Table of Contents

Handbook of Critical Policy Studies

Handbook of Critical Policy Studies

Handbooks of Research on Public Policy series

Edited by Frank Fischer, Douglas Torgerson, Anna Durnová and Michael Orsini

Critical policy studies, as illustrated in this Handbook, challenges the conventional approaches public policy inquiry. But it offers important innovations as well, in particular its focus on discursive politics, policy argumentation and deliberation, and interpretive modes of analysis.

Chapter 16: Co-production and public policy: evidence, uncertainty and socio-materiality

Heidrun åm

Subjects: business and management, critical management studies, politics and public policy, public policy, regulation and governance, research methods, qualitative research methods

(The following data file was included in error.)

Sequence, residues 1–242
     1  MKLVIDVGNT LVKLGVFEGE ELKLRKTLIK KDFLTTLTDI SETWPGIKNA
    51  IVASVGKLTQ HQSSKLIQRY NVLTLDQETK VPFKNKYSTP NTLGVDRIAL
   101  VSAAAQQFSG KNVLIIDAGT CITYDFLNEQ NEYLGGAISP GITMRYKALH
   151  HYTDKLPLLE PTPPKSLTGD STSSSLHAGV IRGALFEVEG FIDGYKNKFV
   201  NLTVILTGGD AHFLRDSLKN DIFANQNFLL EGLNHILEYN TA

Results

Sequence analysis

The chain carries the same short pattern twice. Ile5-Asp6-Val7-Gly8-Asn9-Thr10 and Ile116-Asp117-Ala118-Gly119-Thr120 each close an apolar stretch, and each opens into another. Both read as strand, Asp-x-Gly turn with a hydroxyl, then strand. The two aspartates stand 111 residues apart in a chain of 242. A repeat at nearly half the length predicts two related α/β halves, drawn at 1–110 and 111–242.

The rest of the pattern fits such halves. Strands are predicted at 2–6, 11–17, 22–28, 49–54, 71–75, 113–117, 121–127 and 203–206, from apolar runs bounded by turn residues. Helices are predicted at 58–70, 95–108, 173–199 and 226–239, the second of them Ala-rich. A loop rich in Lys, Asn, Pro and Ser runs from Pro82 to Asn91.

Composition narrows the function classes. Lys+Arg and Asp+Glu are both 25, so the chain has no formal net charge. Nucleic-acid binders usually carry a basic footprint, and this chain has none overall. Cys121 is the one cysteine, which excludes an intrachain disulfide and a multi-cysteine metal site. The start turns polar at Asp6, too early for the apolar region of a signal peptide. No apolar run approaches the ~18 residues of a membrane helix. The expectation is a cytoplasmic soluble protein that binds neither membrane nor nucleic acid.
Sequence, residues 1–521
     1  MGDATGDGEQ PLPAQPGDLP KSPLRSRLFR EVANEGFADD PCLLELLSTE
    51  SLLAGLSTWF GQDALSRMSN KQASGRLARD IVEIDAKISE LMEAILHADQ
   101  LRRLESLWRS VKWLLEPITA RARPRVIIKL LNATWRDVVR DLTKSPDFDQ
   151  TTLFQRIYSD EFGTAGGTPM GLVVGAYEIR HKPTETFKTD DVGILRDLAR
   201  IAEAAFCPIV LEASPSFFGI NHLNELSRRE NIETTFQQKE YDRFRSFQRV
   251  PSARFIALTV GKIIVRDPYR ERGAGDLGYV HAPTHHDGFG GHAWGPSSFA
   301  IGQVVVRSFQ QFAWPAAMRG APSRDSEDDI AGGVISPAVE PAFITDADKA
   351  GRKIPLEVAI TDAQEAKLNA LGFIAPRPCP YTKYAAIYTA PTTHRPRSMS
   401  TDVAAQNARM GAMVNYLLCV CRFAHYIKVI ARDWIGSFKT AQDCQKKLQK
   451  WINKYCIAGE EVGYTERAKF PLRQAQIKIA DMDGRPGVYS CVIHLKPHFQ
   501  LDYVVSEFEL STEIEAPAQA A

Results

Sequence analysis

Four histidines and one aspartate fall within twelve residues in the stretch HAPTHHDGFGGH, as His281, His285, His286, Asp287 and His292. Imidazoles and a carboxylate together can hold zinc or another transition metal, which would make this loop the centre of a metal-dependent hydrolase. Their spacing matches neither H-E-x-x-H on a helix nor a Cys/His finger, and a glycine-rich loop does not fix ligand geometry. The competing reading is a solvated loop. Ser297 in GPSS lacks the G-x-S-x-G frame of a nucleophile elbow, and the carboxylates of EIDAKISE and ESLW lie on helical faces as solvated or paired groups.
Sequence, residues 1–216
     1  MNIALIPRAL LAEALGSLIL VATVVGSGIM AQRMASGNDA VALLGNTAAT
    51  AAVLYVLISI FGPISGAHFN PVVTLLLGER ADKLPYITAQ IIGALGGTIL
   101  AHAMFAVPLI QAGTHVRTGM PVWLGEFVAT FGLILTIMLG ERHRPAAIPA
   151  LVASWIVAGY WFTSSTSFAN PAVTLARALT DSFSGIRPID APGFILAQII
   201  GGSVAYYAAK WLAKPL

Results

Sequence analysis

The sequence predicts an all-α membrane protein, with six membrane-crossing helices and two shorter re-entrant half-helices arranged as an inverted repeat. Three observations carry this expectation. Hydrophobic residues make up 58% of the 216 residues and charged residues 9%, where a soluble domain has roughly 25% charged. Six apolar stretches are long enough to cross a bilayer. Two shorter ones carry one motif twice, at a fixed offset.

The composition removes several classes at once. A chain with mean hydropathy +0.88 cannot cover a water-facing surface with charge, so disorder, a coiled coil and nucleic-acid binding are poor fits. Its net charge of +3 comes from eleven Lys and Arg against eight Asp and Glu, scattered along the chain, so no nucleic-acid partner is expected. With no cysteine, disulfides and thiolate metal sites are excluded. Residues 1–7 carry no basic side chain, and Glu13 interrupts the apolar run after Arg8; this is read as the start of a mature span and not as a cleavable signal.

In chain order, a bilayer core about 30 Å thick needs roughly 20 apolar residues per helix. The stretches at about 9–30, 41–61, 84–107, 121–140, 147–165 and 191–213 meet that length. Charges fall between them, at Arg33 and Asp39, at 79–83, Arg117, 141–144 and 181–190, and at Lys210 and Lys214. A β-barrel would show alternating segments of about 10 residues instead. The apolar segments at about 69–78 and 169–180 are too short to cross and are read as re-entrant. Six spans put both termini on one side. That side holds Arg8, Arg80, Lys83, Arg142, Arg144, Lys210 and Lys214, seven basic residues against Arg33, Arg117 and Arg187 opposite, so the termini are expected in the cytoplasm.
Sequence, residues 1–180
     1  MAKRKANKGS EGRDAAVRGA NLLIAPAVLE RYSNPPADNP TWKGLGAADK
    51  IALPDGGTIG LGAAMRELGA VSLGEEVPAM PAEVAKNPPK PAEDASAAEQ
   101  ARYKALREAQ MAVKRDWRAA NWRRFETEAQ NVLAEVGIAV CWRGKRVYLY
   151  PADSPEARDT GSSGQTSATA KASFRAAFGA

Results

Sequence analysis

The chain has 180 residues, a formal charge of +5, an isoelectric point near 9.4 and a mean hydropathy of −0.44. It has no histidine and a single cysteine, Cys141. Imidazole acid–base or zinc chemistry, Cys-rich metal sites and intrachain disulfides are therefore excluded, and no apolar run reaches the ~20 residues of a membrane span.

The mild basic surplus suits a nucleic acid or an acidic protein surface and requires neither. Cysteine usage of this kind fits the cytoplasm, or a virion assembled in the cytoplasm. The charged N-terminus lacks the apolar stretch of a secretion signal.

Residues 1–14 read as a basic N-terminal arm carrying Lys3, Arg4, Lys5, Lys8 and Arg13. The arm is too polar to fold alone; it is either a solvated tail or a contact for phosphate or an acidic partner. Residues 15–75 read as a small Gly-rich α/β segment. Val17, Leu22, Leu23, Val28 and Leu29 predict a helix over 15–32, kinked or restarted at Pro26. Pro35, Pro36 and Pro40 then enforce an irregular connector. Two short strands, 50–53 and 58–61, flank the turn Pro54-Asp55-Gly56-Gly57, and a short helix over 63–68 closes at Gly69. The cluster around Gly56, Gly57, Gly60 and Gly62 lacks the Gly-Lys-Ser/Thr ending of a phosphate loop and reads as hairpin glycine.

Abstract

Heidrun åm argues in her essay that policy studies can learn much from Science and Technology Studies (STS). STS concepts like co-production can help to explicate the mutually reinforcing explanatory power of STS and Critical Policy Studies (CPS) more systematically. ‘Co-production’ in particular can be a necessary reminder for policy analysts of the role of matter in the midst of discourse. åm shows the value of applying a co-productionist perspective together with a poststructuralist policy analysis along a study of voluntary nanotechnology regulations. These were adopted in a context of uncertainty, when little evidence of risks in nanomaterials was available. While a strong demand to pre-empt public resistance might have been a driver for developing nanotechnology regulations, regulations’ particular form can only be explained by taking into account nanotechnology’s ambiguity. Thus, the technology itself was an important element in the co-production of existing nanotechnology regulations.

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